– “Sparkle and Sunrise”, by Lobby K. Santos
Shine and Sunrise first appeared in book form in 1906 and was translated into English in 2021. A prominent author, translator, and senator in the Philippines, Santos wrote a life-influencing novel during the Filipino-American War while supporting the active arm. left the ideologies of the time, and was a participant in the country’s first modern trade union federation, the Democratic Federation of the Philippines.
In this love story, which feels like a political leaflet, friends Delphine and Philip share the negative and positive feelings of everyday life. The first is socialist, and the second is anarchist. Their ideas do not always match, and they struggle to drive capitalism out of their lives, especially when it complicates their relationship.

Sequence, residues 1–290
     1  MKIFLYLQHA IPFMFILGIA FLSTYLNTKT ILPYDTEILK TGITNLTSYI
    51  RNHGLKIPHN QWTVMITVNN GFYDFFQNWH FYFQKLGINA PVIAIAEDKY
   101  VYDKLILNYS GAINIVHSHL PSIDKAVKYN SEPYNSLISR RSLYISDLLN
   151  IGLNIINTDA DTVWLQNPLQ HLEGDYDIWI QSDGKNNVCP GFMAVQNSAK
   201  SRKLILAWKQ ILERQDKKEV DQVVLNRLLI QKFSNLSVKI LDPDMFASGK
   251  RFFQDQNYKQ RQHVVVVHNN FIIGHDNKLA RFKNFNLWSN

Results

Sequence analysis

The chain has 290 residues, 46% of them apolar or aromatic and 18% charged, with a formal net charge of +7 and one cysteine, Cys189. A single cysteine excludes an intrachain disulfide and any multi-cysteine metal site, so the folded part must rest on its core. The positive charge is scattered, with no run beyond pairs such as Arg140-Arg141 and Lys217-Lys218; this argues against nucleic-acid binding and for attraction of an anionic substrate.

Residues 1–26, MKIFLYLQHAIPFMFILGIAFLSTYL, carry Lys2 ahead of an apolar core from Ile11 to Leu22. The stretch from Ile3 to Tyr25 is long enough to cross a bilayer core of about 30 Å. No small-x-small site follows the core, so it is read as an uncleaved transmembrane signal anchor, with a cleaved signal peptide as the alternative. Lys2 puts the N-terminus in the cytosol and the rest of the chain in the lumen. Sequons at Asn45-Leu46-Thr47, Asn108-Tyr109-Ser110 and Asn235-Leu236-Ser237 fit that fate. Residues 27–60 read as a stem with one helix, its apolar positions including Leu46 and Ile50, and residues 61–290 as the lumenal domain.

The Copenhagen Trilogy: Childhood, Youth, and Addiction, by Tove Detlevsen. The first volumes of her memoirs were published in 1967, 9 years before her suicide, however her full English translation was not published until 2019. Initially the author seeks to understand the meaning of life as she faces the stigma of poverty. , then the voice of “Youth” rises. ” He refuses to fall into such a situation. Detlevsen longs for freedom, even though it oscillates between abiding by established rules and abandoning them.

“Life and Fate” by Vasily Grossman